View from the Rock of Cashel, County Tipperary. (Photo by the author, on vacation in April, 2018.)

We’re not building rockets here.  But we are building a ship of sorts, and a leaky vessel means the cargo may not make it to its destination.  Serving process in Ireland is subject to the strictures of the Hague Service Convention, regardless of which U.S. or Canadian venue is hearing the matter.  To be sure, service in Northern Ireland is handled only a bit differently, as it’s part of  the United Kingdom, but not entirely differently– as such, what comes below is applicable in Northern Ireland as well.  Both the Republic of Ireland and Northern Ireland are common law jurisdictions—just like the rest of the English-speaking world—so things work in a very familiar manner.

You’ve got three ways to go:

  1. Tap us on the shoulder for bespoke attention—and probably some amusing commentary to boot (see the upper right if you’re on a desktop, or way down below if you’re on a phone/tablet),
  2. Cruise over to the Hague Envoy platform at USM94.com to automate the completion of your forms in perhaps twenty minutes or so, or
  3. If you’re feeling froggy & would like to handle the whole thing yourself, keep reading.  This lays out the framework you’ll need.

Some background is in order, if you’re so inclined, before we cut to the chase.

  • The roadmap to the overall process—the recipe to our Secret Sauce.
  • The structure of the Convention itself is discussed in this four-part series.
  • And an absolutely critical note: the Hague Service Convention does not pertain to subpoenas.  Repeat after me—you can’t just SERVE a subpoena abroad.  In the North, you need a Hague Evidence Convention request, while in the Republic, you have to send a Letter Rogatory because Ireland is not party to the Hague Evidence Convention.  Dramatically different from serving a summons or notice.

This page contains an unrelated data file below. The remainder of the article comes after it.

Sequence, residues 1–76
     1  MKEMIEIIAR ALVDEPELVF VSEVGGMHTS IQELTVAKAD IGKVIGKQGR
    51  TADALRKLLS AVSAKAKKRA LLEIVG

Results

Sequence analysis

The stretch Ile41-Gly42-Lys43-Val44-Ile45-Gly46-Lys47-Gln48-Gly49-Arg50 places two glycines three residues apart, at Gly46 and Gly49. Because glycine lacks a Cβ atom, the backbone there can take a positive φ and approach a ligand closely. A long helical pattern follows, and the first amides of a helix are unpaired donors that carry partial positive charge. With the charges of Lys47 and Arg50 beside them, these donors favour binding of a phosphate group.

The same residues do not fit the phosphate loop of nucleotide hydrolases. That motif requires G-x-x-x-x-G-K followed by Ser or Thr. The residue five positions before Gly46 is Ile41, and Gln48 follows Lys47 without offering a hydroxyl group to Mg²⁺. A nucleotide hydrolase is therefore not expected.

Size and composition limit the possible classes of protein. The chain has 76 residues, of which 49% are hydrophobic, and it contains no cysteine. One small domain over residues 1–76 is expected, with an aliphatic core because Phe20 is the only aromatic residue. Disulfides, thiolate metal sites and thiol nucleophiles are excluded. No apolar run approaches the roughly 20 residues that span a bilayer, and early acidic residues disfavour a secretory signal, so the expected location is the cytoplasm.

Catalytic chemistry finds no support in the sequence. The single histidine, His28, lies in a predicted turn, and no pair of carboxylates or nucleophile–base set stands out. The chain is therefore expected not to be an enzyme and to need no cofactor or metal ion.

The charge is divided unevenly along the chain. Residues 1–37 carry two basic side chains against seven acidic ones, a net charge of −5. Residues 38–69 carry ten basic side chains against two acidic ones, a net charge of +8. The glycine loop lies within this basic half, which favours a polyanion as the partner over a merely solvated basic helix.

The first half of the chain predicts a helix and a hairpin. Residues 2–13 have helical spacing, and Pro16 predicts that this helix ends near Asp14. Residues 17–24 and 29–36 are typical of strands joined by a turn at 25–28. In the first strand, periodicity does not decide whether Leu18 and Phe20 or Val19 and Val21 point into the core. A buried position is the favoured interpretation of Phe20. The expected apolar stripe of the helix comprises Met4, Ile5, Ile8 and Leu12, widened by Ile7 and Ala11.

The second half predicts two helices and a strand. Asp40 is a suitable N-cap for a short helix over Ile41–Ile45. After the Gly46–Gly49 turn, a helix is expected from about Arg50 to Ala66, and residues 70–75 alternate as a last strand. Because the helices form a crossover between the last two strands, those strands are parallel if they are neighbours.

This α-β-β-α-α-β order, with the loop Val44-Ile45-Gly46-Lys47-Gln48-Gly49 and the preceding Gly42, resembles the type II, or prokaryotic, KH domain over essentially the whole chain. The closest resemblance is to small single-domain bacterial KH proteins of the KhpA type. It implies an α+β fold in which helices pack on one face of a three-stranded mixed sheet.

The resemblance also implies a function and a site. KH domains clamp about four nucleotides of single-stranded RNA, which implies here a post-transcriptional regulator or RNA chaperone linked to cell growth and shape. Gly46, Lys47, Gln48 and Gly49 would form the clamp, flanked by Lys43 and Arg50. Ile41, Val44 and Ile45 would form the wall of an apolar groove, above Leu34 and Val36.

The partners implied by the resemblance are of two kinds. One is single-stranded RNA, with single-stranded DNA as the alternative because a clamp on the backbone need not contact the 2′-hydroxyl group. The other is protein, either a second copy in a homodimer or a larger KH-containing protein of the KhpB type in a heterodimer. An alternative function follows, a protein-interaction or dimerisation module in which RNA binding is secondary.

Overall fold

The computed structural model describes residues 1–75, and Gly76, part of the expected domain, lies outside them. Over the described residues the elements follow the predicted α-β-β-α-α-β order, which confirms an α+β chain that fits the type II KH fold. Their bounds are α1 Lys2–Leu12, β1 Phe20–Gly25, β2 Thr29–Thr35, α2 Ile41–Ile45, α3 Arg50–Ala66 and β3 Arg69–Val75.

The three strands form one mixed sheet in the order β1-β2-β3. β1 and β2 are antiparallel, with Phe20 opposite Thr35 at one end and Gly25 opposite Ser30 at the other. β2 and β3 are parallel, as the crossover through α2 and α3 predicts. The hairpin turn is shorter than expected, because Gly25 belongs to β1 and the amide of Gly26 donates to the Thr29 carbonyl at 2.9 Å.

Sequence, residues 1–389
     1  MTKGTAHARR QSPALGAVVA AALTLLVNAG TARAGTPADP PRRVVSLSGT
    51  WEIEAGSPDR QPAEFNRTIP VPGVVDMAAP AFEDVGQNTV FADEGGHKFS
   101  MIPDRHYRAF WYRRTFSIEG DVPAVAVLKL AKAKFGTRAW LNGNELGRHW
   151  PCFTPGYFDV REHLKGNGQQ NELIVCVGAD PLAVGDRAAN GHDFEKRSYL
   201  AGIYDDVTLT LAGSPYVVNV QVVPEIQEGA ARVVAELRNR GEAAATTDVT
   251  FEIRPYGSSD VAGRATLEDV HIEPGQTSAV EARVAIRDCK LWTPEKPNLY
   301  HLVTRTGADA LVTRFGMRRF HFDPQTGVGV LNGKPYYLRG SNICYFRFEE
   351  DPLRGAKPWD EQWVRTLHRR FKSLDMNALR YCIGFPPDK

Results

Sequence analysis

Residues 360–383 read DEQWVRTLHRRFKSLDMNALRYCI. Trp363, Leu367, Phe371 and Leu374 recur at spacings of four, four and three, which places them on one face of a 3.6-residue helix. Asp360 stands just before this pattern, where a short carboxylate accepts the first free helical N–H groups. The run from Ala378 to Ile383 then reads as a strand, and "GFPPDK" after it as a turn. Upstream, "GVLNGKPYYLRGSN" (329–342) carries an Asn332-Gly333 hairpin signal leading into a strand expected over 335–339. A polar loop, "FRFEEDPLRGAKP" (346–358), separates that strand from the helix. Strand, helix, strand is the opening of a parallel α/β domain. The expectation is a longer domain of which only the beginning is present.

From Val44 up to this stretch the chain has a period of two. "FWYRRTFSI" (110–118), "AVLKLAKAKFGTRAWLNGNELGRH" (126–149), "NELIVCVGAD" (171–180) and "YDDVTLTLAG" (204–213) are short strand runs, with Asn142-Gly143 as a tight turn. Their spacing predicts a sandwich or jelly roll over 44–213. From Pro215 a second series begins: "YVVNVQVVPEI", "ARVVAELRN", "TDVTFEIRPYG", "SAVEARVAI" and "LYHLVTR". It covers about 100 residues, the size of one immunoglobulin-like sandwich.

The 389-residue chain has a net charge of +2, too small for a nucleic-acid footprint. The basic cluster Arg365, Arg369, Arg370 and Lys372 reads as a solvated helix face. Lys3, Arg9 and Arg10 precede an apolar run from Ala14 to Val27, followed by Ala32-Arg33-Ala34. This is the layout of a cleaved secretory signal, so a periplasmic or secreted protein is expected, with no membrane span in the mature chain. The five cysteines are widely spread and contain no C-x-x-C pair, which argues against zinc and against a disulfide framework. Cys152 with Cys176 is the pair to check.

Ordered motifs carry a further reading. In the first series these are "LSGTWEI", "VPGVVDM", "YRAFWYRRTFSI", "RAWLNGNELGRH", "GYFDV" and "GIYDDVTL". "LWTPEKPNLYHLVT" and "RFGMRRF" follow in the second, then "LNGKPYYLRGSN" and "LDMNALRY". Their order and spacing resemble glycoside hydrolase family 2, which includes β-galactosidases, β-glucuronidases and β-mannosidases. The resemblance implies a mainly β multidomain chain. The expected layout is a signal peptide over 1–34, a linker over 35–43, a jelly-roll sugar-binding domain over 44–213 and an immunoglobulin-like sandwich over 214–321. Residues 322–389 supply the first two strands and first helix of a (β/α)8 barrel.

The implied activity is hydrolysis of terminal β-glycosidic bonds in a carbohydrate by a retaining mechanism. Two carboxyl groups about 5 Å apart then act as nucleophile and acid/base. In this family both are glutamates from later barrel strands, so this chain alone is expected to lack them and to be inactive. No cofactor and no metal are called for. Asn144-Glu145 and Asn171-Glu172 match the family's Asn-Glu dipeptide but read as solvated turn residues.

Now, for the chase scene.  Here’s how service is effected in Ireland:

Article 5 Service in THE REPUBLIC OF IRELAND

  • Historically, Ireland’s Central Authority has been all but non-functional.  This may have changed in recent years, but I have yet to see a client willing to take the chance.  My best suggestion… proceed directly to Door #3.*

Article 5 Service in NORTHERN IRELAND

  • Translate the documents. The UK’s declaration to Article 5(3) requires that documents be in English.  Game over, right?  Pack up and go home?  Not so fast, counsel… make sure your defendant speaks English, because his U.S. Due Process rights follow him, in a sense.  Anybody sued in a U.S. court must be served in a language they understand, so if they don’t speak English, translation is still necessary.
  • Fill out a USM-94. Be very careful about ensuring that it is complete and concise, and make sure that it is signed by a court official or an attorney.  If it is not, make sure that the person signing is commissioned by the court.
  • Send to the Central Authority.
  • Sit tight. It may take a while—likely three or four months from submission to return of proof.
  • If your defendant is an individual, there is a significant chance that your Article 5 request will fail. The English Central Authority uses Royal Mail to carry service of process, and if the defendant doesn’t sign for the delivery… no dice.  You get a very pleasant notice from London inviting you to try again.

Article 10 alternative methods (both jurisdictions)

  • Mail service (Door #2) is available, depending on where you are, but it’s a bad idea anyway.
  • Service via private agent (process server) is available to U.S. litigants under Article 10(b)— your Door #3!  This is the only truly viable option for serving defendants in the Republic.   Absolutely critical—make sure to have the process server instructed by a solicitor, or the attempt to serve is ineffective, as it violates the both the Irish and the UK positions on Article 10.

Declarations and Central Authority information—as well as those of all the other countries in the treaty—can be found here.

Bonus practice tip… if you’re defense counsel, always question the validity of service effected on your overseas client.  The plaintiff may not have done it correctly.


* I invite anyone who has successfully served through the Dublin Central Authority to let me know by email.  Really, I’d love to know if anything has changed.